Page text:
Often think of the rapidity with which things pass by and
disappear, both the things which are and the things which are
produced. For substance is like a river in a continual flow, and
the activities of things are in constant change, and the causes
work in infinite varieties; and there is hardly anything which
stands still. And consider this which is near to thee, this
boundless abyss of the past and of the future in which all
things disappear. How then is he not a fool who is puffed up
with such things or plagued about them and makes himself
miserable? for they vex him only for a time, and a short time.
Think of the universal substance, of which thou hast a very
small portion; and of universal time, of which a short and
indivisible interval has been assigned to thee; and of that
which is fixed by destiny, and how small a part of it thou art.
Does another do me wrong? Let him look to it. He has his
own disposition, his own activity. I now have what the universal
nature wills me to have; and I do what my nature now wills me
to do.
Let the part of thy soul which leads and governs be
undisturbed by the movements in the flesh, whether of
pleasure or of pain; and let it not unite with them, but let it
circumscribe itself and limit those affects to their parts. But
when these affects rise up to the mind by virtue of that other
sympathy that naturally exists in a body which is all one, then
thou must not strive to resist the sensation, for it is natural:
but let not the ruling part of itself add to the sensation the
opinion that it is either good or bad.
Live with the gods. And he does live with the gods who
constantly shows to them, his own soul is satisfied with that
which is assigned to him, and that it does all that the daemon
wishes, which Zeus hath given to every man for his guardian
and guide, a portion of himself.
And this is every man's understanding and reason.
Art thou angry with him whose armpits stink? Art thou angry
with him whose mouth smells foul? What good will this danger
do thee? He has such a mouth, he has such arm-pits: it is
necessary that such an emanation must come from such
things- but the man has reason, it will be said, and he is able, if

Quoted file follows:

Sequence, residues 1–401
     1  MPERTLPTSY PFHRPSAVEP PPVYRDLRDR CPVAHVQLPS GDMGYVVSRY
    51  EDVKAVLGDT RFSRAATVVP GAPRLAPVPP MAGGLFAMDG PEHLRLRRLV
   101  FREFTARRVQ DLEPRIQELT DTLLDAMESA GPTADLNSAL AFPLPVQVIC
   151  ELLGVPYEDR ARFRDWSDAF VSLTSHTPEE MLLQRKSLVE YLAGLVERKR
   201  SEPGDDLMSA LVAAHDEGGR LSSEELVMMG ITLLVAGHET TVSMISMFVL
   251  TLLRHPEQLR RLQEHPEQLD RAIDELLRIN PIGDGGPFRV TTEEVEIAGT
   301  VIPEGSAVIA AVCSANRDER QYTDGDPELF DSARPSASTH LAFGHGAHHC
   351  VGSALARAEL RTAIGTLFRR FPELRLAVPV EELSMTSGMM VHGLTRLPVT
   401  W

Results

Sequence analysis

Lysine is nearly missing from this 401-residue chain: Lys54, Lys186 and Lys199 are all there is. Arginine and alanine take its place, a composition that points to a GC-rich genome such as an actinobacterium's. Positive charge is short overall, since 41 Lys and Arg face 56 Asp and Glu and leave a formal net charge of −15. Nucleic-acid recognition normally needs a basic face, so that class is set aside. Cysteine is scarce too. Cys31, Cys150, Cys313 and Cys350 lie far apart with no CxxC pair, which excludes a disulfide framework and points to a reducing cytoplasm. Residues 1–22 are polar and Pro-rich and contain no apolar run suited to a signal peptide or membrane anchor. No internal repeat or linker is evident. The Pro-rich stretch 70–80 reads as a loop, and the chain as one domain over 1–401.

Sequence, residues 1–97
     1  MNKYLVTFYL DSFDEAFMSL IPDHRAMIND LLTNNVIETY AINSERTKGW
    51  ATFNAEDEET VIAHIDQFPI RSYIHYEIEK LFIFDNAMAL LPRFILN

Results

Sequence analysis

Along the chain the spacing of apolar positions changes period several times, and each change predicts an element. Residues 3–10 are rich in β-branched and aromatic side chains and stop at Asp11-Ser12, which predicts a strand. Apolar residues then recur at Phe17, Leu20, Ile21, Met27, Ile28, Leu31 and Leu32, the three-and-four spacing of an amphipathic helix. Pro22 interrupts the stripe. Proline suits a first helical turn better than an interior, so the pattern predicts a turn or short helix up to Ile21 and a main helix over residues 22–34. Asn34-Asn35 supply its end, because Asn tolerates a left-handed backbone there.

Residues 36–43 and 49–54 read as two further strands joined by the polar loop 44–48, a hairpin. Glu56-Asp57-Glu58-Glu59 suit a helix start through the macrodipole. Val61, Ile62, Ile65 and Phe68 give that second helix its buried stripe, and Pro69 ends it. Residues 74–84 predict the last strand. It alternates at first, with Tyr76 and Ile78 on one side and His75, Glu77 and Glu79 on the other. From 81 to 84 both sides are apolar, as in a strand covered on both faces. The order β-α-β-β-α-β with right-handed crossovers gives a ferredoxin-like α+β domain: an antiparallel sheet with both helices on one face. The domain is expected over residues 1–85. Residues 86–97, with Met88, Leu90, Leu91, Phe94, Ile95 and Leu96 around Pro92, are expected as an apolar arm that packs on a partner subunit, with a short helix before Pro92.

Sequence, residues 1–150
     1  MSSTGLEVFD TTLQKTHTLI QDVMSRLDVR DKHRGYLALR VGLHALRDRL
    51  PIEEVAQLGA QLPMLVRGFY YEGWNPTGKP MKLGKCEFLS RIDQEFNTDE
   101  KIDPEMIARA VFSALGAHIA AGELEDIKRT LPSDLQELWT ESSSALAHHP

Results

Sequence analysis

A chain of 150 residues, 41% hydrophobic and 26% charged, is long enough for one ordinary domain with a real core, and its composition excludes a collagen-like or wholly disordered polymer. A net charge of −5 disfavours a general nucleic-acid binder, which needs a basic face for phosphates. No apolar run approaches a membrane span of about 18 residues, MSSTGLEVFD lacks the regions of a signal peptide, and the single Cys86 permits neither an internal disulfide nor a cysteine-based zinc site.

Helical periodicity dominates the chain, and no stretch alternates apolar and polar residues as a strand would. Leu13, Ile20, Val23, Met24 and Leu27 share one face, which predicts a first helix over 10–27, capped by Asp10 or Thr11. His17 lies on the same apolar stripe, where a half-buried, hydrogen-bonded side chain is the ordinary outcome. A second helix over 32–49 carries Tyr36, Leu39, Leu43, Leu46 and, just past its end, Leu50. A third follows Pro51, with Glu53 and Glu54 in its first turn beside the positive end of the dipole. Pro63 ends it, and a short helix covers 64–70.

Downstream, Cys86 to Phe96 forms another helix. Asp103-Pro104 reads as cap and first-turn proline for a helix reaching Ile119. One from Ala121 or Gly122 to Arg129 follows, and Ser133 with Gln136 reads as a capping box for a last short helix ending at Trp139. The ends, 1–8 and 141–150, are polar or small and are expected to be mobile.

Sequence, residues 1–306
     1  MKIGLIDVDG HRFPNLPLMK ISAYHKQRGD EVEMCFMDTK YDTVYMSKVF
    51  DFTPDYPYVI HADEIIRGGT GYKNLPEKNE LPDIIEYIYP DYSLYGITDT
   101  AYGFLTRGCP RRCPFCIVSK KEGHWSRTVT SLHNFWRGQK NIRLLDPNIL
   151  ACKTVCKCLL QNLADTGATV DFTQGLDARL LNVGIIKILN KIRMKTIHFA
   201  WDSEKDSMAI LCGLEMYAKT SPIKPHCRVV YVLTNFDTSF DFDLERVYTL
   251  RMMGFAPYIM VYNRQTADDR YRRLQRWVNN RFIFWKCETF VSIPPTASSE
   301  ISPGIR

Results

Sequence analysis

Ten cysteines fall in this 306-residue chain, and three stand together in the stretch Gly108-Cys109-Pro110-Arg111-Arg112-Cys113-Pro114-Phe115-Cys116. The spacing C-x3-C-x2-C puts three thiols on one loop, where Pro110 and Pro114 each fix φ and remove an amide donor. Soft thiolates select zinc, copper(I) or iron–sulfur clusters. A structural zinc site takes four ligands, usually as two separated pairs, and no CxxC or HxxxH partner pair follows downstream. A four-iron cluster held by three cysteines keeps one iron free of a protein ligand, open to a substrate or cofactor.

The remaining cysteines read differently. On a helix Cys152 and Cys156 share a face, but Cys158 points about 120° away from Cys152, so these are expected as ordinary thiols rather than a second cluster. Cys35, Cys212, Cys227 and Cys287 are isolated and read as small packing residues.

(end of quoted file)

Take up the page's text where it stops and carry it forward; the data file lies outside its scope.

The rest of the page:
he takes pain, to discover wherein he offends- I wish thee well
of thy discovery. Well then, and thou hast reason: by thy
rational faculty stir up his rational faculty; show him his error,
admonish him. For if he listens, thou wilt cure him, and there is
no need of anger. Neither tragic actor nor whore...
As thou intendest to live when thou art gone out,...so it is in
thy power to live here. But if men do not permit thee, then get
away out of life, yet so as if thou wert suffering no harm. The
house is smoky, and I quit it. Why dost thou think that this is
any trouble? But so long as nothing of the kind drives me out, I
remain, am free, and no man shall hinder me from doing what I
choose; and I choose to do what is according to the nature of
the rational and social animal.
The intelligence of the universe is social. Accordingly it has
made the inferior things for the sake of the superior, and it has
fitted the superior to one another. Thou seest how it has
subordinated, co-ordinated and assigned to everything its
proper portion, and has brought together into concord with one
another the things which are the best.
How hast thou behaved hitherto to the gods, thy parents,
brethren, children, teachers, to those who looked after thy
infancy, to thy friends, kinsfolk, to thy slaves? Consider if thou
hast hitherto behaved to all in such a way that this may be
said of thee: Never has wronged a man in deed or word.
And call to recollection both how many things thou hast
passed through, and how many things thou hast been able to
endure: and that the history of thy life is now complete and thy
service is ended: and how many beautiful things thou hast
seen: and how many pleasures and pains thou hast despised;
and how many things called honourable thou hast spurned;
and to how many ill-minded folks thou hast shown a kind
disposition.
Why do unskilled and ignorant souls disturb him who has
skill and knowledge? What soul then has skill and knowledge?
That which knows beginning and end, and knows the reason
which pervades all substance and through all time by fixed
periods (revolutions) administers the universe.
Soon, very soon, thou wilt be ashes, or a skeleton, and either
a name or not even a name; but name is sound and echo. And
the things which are much valued in life are empty and rotten
and trifling, and like little dogs biting one another, and little
children quarrelling, laughing, and then straightway weeping.
But fidelity and modesty and justice and truth are fled
Up to Olympus from the wide-spread earth.
What then is there which still detains thee here? If the
objects of sense are easily changed and never stand still, and
the organs of perception are dull and easily receive false
impressions; and the poor soul itself is an exhalation from
blood. But to have good repute amidst such a world as this is
an empty thing. Why then dost thou not wait in tranquility for